Hedge fund bosses are planning to ramp up their holdings of cryptocurrencies, predicting that an average of 7.2% of their assets under management will be held in digital tokens by 2026, a survey has found.
That would equate to around $313 billion of cryptocurrency holdings, based on an estimate of the future size of the hedge fund industry, according to Intertrust Group, which carried out the research.
The finding is a sign that many potential institutional buyers are not being put off by bitcoin’s recent plunge, but see cryptocurrencies as a long-term strategy.
“Certain cryptocurrencies, such as bitcoin and ethereum, have delivered incredible – albeit volatile – performance in recent years,” said Jonathan White, global head of fund sales at Intertrust, a Netherlands-based professional services group.
“Inevitably, they have drawn growing interest from hedge funds as well as institutional and retail investors.”
Intertrust’s survey, first reported by the Financial Times, found that one in six respondents expect their funds to have more than 10% in cryptocurrencies in five years’ time. Just shy of all respondents said they expect to have at least some crypto investments by then.
The company polled 100 chief financial officers at hedge funds around the world, with average assets under management of $7.2 billion.
North American hedge funds were the most bullish on crypto, predicting that they would hold around 11% of their assets in digital tokens by 2026.
Given the secretive nature of the hedge fund industry, it’s unclear how much crypto exposure these institutions currently have. Yet most hedge funds that have moved into the space have only committed a small amount. For example, Brevan Howard plans to invest up to 1.5% of its main $5.6 billion fund in cryptocurrencies, it said in April.
Bitcoin may have to slide below $30,000 before institutional buyers are lured back into the market and start pushing the price up again, according to a crypto expert at JPMorgan.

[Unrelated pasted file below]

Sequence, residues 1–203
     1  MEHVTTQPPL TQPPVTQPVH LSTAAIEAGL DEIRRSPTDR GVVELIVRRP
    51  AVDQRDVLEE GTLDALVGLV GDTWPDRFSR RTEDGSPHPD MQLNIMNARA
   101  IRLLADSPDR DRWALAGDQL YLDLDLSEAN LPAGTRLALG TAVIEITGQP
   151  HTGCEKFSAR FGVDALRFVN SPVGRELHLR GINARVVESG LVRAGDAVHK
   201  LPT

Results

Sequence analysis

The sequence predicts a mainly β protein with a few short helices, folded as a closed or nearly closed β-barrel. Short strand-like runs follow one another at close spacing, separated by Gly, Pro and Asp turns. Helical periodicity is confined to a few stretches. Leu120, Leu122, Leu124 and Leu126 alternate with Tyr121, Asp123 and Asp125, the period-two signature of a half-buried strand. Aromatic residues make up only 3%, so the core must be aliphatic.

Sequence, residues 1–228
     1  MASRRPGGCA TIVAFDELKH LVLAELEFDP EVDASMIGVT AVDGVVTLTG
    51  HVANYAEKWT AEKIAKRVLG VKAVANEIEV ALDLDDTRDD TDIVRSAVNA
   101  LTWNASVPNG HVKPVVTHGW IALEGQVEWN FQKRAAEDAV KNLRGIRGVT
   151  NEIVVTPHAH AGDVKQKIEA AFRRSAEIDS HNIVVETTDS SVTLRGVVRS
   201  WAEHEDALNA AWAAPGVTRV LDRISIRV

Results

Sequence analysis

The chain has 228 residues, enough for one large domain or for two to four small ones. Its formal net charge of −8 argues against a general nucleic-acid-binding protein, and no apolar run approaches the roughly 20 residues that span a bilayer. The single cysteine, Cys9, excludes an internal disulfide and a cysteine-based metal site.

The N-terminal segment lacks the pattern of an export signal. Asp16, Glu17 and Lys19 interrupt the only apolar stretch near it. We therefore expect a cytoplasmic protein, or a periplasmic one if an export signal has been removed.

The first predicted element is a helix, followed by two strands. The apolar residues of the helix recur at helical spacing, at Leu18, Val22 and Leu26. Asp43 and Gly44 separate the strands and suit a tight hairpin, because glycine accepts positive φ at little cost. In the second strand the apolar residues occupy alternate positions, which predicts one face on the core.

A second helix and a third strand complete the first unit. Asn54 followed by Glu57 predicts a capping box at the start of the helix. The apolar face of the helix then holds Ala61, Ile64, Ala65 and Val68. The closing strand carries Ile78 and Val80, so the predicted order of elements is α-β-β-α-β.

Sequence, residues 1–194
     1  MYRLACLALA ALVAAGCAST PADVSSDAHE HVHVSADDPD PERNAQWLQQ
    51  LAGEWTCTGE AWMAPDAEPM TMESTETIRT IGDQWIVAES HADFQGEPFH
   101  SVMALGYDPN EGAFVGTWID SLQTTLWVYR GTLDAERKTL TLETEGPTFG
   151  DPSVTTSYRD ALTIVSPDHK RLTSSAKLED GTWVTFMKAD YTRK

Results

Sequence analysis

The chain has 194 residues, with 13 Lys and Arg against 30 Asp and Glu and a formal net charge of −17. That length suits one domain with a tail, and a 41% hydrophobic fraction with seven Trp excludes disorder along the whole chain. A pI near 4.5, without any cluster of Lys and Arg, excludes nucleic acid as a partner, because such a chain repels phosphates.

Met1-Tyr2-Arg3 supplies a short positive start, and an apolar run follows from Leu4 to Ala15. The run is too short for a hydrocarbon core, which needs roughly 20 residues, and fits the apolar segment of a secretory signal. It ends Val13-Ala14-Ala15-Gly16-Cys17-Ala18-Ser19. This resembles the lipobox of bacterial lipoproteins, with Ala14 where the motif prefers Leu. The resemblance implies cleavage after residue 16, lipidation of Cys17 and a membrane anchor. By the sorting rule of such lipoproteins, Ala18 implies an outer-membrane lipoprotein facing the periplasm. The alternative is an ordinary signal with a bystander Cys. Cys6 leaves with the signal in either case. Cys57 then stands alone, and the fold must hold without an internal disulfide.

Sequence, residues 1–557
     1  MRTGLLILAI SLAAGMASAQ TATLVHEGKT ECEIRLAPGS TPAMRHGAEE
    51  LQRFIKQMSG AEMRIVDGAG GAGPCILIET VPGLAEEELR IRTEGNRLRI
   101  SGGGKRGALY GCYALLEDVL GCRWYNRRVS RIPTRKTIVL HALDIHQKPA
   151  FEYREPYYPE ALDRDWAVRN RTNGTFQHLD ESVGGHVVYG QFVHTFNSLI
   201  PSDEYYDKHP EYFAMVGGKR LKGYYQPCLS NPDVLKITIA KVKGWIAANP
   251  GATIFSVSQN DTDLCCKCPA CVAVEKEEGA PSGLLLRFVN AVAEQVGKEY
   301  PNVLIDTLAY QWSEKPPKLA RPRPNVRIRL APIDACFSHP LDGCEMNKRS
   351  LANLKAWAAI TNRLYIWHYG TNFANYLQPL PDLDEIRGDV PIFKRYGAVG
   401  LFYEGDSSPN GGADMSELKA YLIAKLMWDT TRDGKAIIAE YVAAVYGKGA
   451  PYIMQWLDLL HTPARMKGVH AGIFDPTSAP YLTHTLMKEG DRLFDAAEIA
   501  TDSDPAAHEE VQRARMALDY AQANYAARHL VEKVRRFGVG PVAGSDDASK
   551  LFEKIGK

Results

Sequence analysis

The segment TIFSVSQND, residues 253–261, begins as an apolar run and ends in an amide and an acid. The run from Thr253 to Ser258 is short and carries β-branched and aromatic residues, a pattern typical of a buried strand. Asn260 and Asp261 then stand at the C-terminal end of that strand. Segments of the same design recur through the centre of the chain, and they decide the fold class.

One of the key reasons for the recent tumble in bitcoin’s price has been a sharp decline in interest from big players, Nikolaos Panigirtzoglou, a managing director and global market strategist at JPMorgan, told Insider.
Panigirtzoglou said major buyers were drawn towards bitcoin as the price started shooting up in 2021. But he said the soaring cost then began to put them off.
“If you ask, right now, institutional investors whether $50,000 or $60,000 is looking like an attractive level for bitcoin, they will most likely say no,” Panigirtzoglou said.
“I fear we might need to see bitcoin moving below $30,000 for that institutional interest to pick up considerably.”
Panigirtzoglou’s view differs from some strategists, who think a drop below $30,000 would likely spell further trouble for bitcoin. Edward Moya, senior market analyst at currency firm Oanda, said on Tuesday that “a break of $30,000 could see a tremendous amount of momentum selling.”
Bitcoin traded at around $37,500 on Friday. That was more than 40% off April’s record high of close to $65,000, but it was around 25% higher than at the start of the year.
Despite bitcoin’s rally in recent days, Panigirtzoglou said he saw little sign that institutions were moving back in. “If I look at these bitcoin fund flows, there is no evidence here of a buying-the-dip mentality,” he said.
He pointed to the futures market, where prices for bitcoin futures have been trading lower than the spot price. Panigirtzoglou said this suggested demand from major institutions – who often use bitcoin futures to gain exposure – was weak.
Bitcoin soared in the first few months of 2021, and was at one point up more than 120% for the year, spurred on by companies such as Tesla adopting the cryptocurrency.